China and Sweden, Treasured Memories, Forbidden City exhibition 2005

The Swedish exhibition of Chinese Porcelain at the Palace Museum, Beijing, 2005


Johan Gunnar Andersson
and the Discovery of the Stone Age Agriculturalist Past of China

By Eva Myrdal

" …When I had reached the northern side of the ravine I saw, in the side of a gully, a very interesting section. At the bottom the red Tertiary clay is exposed, and it is with clearly demarcated contact overlaid by a peculiar loose soil, full of ashes and containing fragments of pottery… After some minutes' search I found at the very bottom of the deposit a small piece of fine red ware with black painting on a beautiful polished surface,

the Swedish geologist-cum-archaeologist Johan Gunnar Andersson (1874-1960) wrote in the archaeological report on his work in China 1921 to 1926.

The report was published in the Bulletin of the Museum of Far Eastern Antiquities (BMFEA) 1947. What he relates here is the story about how the rich Neolithic settlement site in Yangshao village in Henan province was discovered in 1921. This was the first discovery, or the first discovery understood as such, in a field-context, of cultural remains from the Stone Age agriculturalists that once lived in what is now China.

That the Palace Museum now exhibits material borrowed from the Museum of Far Eastern Antiquities (MFEA) in Stockholm, but emanating from the archaeological work by J.G Andersson and the Chinese team in Henan and Gansu in the 1920s don't add scientifically to the now abundant Neolithic material available in China through field research undertaken since the 1920s. It is significant in another respect, as it reconfirms the mutual understanding of the importance of this discovery, and of the friendly relations that was then established between the scholarly communities of both countries.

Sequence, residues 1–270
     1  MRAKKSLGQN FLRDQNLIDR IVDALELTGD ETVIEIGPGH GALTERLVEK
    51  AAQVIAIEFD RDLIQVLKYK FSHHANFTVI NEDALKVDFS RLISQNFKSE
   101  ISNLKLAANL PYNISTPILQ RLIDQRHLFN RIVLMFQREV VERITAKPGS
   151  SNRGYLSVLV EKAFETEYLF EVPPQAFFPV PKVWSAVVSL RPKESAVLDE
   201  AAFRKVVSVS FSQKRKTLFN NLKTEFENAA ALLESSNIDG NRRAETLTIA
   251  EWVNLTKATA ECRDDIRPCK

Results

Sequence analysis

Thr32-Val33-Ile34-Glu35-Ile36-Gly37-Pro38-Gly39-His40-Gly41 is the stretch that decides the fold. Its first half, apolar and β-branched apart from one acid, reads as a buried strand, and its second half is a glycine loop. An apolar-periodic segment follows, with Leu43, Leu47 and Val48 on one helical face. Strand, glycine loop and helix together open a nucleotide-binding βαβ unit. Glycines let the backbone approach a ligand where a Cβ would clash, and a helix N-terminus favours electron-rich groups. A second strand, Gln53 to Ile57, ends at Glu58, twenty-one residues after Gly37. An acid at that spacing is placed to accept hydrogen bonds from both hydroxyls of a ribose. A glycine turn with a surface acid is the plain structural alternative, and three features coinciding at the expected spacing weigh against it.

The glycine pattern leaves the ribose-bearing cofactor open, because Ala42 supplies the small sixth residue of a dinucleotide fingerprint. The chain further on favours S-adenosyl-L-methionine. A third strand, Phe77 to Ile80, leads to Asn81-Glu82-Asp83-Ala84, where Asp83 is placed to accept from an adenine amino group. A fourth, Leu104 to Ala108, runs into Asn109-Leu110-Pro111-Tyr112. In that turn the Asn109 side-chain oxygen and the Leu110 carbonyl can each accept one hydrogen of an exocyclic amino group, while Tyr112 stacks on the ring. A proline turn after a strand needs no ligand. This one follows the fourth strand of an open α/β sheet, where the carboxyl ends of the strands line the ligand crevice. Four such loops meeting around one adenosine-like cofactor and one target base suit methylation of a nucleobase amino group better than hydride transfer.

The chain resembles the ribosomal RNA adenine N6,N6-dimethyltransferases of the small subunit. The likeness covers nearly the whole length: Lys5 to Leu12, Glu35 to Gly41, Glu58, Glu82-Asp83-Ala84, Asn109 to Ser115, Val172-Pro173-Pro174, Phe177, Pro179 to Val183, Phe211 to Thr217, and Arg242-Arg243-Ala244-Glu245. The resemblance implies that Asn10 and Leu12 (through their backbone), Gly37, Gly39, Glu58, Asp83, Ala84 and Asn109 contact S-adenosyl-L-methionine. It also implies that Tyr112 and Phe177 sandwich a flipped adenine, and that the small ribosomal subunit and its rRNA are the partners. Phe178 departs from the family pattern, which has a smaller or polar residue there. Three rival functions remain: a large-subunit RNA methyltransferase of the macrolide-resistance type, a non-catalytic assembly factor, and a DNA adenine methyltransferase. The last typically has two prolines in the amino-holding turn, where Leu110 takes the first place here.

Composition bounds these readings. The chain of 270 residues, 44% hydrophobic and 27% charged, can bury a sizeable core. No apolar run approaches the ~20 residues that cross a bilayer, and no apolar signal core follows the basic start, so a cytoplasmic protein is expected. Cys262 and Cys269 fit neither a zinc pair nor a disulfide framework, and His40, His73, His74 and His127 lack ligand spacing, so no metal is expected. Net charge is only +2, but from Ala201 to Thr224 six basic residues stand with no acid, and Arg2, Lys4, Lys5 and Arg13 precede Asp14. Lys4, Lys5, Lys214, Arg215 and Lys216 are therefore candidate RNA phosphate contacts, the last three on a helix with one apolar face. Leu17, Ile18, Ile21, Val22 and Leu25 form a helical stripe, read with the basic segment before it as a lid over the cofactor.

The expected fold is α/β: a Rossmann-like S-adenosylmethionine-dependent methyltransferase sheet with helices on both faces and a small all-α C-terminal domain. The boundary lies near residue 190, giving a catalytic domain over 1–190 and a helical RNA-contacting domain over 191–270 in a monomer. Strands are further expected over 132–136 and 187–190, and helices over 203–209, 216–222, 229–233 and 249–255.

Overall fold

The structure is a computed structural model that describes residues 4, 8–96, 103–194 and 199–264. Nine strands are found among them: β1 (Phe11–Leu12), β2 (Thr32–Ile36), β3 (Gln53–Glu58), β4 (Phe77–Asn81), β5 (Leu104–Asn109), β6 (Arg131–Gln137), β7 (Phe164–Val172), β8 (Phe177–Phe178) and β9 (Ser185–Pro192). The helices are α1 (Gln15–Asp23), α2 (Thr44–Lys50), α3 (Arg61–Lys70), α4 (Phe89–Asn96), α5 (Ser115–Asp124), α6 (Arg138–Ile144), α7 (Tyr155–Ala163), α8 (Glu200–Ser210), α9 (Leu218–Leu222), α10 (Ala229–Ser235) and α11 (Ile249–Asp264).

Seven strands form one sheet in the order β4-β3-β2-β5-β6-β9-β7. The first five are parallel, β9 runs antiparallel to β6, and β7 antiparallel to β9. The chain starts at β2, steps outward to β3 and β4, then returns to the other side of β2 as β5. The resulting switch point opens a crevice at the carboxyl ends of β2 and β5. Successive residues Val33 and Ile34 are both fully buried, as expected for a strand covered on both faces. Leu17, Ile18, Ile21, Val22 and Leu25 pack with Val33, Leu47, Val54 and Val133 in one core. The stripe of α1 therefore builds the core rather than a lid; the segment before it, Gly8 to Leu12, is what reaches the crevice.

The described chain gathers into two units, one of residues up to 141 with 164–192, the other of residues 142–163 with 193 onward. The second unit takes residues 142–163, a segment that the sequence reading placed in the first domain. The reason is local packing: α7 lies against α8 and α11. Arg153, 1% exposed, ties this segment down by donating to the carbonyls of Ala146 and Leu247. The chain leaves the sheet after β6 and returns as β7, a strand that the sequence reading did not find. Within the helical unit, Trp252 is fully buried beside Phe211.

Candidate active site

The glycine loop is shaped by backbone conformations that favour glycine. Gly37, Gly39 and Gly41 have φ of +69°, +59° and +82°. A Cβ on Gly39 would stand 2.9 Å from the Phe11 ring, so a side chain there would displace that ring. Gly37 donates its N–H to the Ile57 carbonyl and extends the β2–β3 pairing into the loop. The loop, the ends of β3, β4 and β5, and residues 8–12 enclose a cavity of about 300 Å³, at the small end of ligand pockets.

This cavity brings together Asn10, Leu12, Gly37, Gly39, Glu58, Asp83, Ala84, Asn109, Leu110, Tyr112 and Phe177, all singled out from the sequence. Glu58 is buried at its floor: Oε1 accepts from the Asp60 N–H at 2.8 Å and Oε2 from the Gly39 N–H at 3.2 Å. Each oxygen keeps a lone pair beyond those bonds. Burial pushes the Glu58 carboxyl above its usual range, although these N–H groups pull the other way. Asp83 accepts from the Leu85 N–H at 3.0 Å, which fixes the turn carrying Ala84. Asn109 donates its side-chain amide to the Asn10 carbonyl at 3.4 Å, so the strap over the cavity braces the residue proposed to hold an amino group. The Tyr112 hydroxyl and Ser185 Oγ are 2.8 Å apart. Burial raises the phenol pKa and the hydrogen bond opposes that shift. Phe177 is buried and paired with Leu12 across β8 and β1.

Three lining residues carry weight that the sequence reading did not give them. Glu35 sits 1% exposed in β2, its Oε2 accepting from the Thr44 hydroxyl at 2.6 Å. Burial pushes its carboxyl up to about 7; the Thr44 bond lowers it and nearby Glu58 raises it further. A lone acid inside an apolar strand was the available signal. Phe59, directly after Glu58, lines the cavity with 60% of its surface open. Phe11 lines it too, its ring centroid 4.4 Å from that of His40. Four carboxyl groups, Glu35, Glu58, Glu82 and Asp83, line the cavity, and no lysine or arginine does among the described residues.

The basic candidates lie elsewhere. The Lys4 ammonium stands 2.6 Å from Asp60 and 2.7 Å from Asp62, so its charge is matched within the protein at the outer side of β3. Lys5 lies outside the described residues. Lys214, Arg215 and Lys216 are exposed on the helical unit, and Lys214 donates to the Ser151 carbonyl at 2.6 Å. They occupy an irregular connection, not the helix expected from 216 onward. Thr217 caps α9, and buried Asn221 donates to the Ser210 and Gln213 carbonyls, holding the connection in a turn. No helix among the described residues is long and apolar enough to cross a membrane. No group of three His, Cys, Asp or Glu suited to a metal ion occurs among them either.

The quotation above reveals part of the story of how this discovery could be made. The event is intimately linked to Johan Gunnar Andersson's background as a geologist and field worker, being able to interpret soil stratigraphy and landscape formations in a historical perspective. But to describe the discovery as a "one-man-show" would be false. False not only as such a description overlook the fact that he went to Yangshao because of samples of cultural material found there and brought to him by one of the Chinese team members a few months earlier. As human beings we always work in a specific historical and social context. To understand how the discovery could be made, we have to take into consideration the Chinese society during the early years of the Republic. As a legacy to the Andersson tradition this aspect has recently been highlighted in print, as a result of a fruitful collaboration between the former director of the MFEA, Magnus Fiskesjö and the Chinese archaeologist Chen Xincan, in one of the exhibition catalogues to the new permanent exhibition "China before China" at the MFEA.